Lansing City Council says no to proposed bill that would erode gay rights
In a unanimous vote of the Lansing City Council Monday night, council members passed a resolution opposing HB 5039 and urging the state legislature to vote against the bill.
The legislation would strip the various local non-discrimination laws in the state of any protected category not included in the state’s Elliot-Larsen Civil Rights Act. The legislation was introduced by State Rep. Tom McMillin (R-Rochester Hills).
The resolution was introduced by Kathie Dunbar, a member-at-large of the council. She led the battle to pass a comprehensive human rights ordinance in the city in 2006 — a decade after city residents rejected a similar law in a contentious vote.
“This is seeking to overstep our ability to protect the rights of our LGBT residents,” said Dunbar. “We worked too hard to pass this in 2006 to go backwards.”
Critics of the law say it would interfere with the state constitution’s home rule clause, which allows localities to “adopt resolutions and ordinances relating to its municipal concerns.” But McMillin told Messenger last week that this was about eliminating “a patchwork” of local laws.
“I think it is good and correct public policy for the subdivisions of the state to keep the same definition of what constitutes civil rights protections, as the state does. That’s what HB5039 simply says,” McMillin says. “Liberals wanting to add additional protections based on one’s sexual activity are at least going about it the right way, they recently announced an effort to change the Elliot-Larsen Act. That’s where the debate belongs, at the state level. I don’t believe it is good to have municipalities trying to amend the Elliot-Larsen Act in kind of a backdoor manner. Having a patchwork of different definitions of who has the extra civil rights protections, depending on which side of a road you live or work on (different municipalities) doesn’t make sense.”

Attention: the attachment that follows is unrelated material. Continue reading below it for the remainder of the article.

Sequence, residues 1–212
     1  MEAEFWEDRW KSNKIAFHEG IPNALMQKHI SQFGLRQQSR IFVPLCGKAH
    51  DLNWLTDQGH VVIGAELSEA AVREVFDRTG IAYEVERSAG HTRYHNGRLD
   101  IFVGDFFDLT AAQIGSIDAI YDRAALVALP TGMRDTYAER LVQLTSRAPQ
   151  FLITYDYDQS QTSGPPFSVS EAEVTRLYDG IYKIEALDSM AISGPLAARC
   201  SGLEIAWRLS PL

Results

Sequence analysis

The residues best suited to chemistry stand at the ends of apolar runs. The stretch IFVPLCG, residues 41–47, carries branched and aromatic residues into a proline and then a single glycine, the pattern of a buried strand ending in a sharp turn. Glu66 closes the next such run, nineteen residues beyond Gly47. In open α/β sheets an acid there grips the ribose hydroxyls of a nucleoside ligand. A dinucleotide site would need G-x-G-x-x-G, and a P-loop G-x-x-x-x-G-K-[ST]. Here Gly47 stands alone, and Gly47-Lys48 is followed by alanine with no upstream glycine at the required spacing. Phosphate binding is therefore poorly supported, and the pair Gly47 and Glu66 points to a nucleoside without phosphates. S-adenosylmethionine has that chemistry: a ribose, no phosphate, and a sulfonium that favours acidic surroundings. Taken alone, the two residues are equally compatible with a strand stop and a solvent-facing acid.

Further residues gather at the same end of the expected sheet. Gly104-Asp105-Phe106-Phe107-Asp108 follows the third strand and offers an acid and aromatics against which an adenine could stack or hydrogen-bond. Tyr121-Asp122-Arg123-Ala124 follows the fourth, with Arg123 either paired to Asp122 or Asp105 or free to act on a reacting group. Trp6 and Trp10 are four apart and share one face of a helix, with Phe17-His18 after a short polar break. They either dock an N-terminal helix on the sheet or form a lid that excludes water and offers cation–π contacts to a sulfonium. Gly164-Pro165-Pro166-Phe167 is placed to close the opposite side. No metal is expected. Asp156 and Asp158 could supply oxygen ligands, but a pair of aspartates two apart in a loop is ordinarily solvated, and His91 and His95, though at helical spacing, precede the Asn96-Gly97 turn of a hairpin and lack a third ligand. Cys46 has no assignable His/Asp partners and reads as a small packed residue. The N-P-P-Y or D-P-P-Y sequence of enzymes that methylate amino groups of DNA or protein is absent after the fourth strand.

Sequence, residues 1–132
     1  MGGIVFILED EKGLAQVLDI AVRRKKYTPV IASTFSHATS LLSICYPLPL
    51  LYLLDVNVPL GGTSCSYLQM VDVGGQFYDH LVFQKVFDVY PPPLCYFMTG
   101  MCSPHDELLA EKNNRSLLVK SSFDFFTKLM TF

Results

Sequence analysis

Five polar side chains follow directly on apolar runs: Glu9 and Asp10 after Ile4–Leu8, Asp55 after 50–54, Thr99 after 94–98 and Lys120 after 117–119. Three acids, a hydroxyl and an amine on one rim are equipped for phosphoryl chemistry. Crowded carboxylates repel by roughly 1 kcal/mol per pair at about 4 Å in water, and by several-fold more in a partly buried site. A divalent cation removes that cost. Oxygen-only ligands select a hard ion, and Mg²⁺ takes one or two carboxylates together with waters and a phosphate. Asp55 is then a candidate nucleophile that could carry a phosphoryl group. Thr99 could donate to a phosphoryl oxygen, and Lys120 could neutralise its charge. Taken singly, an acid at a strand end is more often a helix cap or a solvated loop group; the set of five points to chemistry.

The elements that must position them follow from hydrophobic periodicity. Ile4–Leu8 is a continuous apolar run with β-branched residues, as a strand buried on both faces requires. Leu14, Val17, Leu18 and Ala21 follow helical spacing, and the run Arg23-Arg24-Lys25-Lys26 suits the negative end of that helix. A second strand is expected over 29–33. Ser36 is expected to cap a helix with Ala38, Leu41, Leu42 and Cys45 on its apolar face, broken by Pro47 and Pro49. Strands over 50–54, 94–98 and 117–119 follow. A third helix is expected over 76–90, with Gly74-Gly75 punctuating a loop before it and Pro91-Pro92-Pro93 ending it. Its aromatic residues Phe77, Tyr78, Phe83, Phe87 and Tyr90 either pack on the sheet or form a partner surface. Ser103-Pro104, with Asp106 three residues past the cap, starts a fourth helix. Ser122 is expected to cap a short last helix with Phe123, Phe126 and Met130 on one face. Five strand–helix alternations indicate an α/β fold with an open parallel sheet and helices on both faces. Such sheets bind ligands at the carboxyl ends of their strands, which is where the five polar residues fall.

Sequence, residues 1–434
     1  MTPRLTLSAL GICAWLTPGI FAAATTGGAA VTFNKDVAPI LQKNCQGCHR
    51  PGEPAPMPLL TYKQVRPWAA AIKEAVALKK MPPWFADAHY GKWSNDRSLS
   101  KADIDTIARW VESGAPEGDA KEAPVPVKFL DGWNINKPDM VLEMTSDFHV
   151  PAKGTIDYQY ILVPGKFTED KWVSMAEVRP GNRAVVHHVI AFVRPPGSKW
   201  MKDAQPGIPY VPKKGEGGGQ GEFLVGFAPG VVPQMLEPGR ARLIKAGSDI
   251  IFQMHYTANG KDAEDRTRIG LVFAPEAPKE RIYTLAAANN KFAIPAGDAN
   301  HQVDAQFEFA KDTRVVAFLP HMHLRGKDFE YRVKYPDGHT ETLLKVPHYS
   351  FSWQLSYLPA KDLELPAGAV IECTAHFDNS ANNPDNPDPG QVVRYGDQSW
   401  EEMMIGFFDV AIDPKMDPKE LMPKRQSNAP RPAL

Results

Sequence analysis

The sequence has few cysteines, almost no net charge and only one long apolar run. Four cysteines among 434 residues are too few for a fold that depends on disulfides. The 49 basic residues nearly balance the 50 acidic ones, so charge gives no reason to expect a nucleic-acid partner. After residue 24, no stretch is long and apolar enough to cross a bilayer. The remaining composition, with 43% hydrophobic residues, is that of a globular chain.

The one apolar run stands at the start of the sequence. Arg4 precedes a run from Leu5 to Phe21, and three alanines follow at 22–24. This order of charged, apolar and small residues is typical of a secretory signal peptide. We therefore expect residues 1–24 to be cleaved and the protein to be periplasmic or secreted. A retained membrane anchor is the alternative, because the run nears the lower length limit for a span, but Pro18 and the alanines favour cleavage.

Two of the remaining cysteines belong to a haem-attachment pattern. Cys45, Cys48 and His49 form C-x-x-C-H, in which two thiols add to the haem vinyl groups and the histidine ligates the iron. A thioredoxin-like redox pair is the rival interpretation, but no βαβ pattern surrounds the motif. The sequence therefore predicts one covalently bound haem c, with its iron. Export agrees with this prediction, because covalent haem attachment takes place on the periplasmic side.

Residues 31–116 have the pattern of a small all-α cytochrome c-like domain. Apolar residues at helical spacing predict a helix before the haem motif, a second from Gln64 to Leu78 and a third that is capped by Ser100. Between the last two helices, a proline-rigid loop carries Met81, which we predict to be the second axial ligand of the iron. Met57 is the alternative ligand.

For openly gay Lansing City Clerk Chris Swope, the legislation is in opposition to what voters want for the state.
“I think it’s a slap,” Swope said. “He has a long history of homophobia, and he is trying to use the current control of his party on the legislature to push a social agenda voters don’t want.”
Derrick Quinney, a council member at-large, said he would not be opposed to suing to prevent the legislation from being implemented.
“I don’t know what the ramifications would if they pass that, but I’m certainly not opposed to [suing],” Quinney said after the meeting.
Dunbar and Lansing City Councilmember-at-large Brian Jeffries both said they would support reviewing possible legal action to stop implementation of the legislation if it becomes law.
Lansing is not the only mid-Michigan municipality to pass a resolution condemning McMillin’s bill. East Lansing City Council passed a resolution opposing 5039 and a second resolution opposing legislation from Rep. Dave Agema (R-Grandville) that would prohibit public employers from offering health benefits to unmarried partners of public employees.
“I would support exploring a legal challenge in cooperation with other impacted municipalities,” said Nathan Triplett, an East Lansing City Councilmember who authored the resolutions, which also passed unanimously. “This legislation (5039) is a gross intrusion into local control that raises serious constitutional questions.”
The Lansing City Council vote was praised by Equality Michigan, calling the legislation an “offensive attempt to solidify the vulnerability of Michigan’s gay community.”
“State legislators have the power to do more. Our Michigan House of Representatives can stop the legislation and bring the focus back to creating policy that will attract and retain skilled workers instead of supporting legislation that repels the best and the brightest. Rep. McMillin is wasting taxpayers’ time and money on furthering his out of touch personal agenda. He doesn’t represent his constituents or general public sentiment,” said Emily Dievendorf, policy director for Equality Michigan.
“Michigan municipalities, school systems, and universities are making an effort to implement comprehensive non-discrimination policies for good reason,” she said. “Polling has shown that fairness is a Michigan value — a value that is good for the stability of Michigan families and great for Michigan’s bottom line.”